Why the Franchise Tax Board Is “Fun” to Deal With

Let’s assume you disagree with a decision that the Franchise Tax Board (FTB) makes on your tax return. You go through the FTB appeals process, and get nowhere. California then allows appeals to the Board of Equalization (BOE). Today, let’s look at a recent decision by the BOE in Appeal of Costco Wholesale.

Costco took advantage of California’s Manufacturers’ Investment Credit (MIC) for its in-store bakery and meat departments. Previously, the BOE had rules in Appeal of Save Mart Supermarkets & Subsidiary that supermarkets were eligible for this credit. Costco asked for a refund of taxes paid between 1996 and 2001 because of the MIC. The FTB didn’t like this decision, and elected not to follow it. Costco appealed the FTBs disallowance of the MIC to the BOE. The BOE faced three issues: Whether Costco qualifies for the deduction, whether bakery and meat departments qualify, and whether the BOE has authority to invalidate an FTB regulation.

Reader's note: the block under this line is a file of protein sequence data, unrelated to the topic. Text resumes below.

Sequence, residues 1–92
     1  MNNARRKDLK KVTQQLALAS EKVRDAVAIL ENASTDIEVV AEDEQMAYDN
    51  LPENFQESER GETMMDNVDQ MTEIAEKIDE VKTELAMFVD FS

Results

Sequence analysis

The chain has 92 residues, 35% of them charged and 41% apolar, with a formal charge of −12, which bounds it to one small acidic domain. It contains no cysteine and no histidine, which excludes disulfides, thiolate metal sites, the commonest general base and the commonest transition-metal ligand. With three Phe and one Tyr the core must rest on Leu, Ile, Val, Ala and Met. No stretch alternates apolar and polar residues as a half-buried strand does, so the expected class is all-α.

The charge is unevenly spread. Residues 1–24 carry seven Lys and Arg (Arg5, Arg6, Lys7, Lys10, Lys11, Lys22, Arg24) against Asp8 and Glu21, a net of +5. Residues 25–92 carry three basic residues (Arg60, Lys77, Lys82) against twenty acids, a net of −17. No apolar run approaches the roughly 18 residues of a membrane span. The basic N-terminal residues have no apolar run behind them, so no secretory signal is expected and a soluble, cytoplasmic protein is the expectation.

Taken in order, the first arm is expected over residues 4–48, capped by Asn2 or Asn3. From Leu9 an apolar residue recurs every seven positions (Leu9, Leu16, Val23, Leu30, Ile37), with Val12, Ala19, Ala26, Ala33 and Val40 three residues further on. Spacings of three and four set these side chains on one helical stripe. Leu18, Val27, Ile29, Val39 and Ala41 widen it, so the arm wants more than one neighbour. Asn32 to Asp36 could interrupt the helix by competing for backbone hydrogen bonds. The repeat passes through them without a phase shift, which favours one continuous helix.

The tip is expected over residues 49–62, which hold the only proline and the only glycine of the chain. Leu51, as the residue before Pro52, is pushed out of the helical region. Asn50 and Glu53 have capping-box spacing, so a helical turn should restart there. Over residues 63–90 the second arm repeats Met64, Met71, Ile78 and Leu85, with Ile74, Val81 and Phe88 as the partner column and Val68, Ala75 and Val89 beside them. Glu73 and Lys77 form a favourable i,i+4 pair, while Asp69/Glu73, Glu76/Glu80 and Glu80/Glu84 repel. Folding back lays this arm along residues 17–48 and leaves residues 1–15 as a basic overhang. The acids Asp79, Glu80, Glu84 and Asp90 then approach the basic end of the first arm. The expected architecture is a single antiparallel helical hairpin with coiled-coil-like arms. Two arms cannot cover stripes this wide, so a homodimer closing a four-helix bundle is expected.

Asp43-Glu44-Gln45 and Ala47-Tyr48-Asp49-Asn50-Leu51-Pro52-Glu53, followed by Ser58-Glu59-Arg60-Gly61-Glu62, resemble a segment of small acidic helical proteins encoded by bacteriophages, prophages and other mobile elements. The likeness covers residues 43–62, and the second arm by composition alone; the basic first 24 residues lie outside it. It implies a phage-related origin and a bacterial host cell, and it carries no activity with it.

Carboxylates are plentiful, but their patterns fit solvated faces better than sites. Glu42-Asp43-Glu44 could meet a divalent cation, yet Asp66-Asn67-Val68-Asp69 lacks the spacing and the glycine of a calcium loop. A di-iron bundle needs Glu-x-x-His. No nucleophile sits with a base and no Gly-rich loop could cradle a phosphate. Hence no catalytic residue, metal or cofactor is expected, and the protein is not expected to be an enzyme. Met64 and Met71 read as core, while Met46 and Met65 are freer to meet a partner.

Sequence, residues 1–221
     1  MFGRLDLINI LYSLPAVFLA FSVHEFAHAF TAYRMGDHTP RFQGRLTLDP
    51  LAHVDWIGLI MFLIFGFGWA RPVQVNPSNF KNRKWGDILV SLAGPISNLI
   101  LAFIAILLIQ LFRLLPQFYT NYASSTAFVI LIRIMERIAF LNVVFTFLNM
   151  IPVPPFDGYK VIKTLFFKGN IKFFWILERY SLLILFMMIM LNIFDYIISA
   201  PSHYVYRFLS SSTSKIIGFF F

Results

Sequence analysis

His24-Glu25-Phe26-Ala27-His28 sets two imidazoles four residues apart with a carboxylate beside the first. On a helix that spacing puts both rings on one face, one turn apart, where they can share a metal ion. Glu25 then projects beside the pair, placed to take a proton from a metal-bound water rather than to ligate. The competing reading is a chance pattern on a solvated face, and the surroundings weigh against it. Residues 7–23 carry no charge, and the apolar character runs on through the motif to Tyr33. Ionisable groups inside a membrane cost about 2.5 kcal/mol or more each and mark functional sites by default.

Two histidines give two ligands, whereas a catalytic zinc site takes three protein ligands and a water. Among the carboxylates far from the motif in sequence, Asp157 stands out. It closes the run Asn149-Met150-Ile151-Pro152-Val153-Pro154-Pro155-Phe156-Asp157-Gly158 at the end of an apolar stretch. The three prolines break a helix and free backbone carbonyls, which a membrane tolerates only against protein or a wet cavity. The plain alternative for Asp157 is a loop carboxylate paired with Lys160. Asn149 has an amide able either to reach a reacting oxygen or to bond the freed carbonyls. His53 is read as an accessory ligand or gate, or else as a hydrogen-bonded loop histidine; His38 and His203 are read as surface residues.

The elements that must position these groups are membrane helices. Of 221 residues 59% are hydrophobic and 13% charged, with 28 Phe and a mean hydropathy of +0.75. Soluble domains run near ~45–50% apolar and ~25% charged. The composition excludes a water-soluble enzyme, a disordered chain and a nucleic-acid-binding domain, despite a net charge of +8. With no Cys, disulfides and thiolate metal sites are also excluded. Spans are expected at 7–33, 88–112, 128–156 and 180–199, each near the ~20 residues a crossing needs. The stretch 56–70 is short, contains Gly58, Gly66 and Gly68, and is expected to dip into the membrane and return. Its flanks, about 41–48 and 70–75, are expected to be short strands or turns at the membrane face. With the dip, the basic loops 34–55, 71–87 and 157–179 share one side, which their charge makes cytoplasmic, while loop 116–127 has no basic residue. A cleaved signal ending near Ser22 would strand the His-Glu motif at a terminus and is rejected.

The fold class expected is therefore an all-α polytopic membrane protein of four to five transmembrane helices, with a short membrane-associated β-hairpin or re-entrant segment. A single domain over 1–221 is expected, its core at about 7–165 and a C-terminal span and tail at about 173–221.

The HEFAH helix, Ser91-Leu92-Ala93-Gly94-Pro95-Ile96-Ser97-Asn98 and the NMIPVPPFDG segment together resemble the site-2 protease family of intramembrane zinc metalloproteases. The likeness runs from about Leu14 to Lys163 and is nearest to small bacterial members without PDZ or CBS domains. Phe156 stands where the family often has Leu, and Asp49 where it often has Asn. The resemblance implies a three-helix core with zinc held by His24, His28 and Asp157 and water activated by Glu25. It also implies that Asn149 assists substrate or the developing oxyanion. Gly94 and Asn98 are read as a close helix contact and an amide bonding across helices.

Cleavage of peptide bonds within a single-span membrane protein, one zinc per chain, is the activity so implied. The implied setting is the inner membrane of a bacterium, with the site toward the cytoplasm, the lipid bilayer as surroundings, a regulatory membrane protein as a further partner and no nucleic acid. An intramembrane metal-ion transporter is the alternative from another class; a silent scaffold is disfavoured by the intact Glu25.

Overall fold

The easy part of the decision was that Costco is a qualified taxpayer. The BOE followed the Save Mart case and found that Costco’s bakery and meat departments are just as qualified as Save Mart’s to get the MIC. And finally, the BOE believes that the California Legislature has given the BOE the power to invalidate FTB regulations when the BOE determines such regulations are contrary to statutes.

No word yet on whether the FTB will continue to fight such cases.

Coverage: California Enrolled Agent Magazine, January/February 2006 issue (not on the web), CMTA Capitol archive, 10/27/05.

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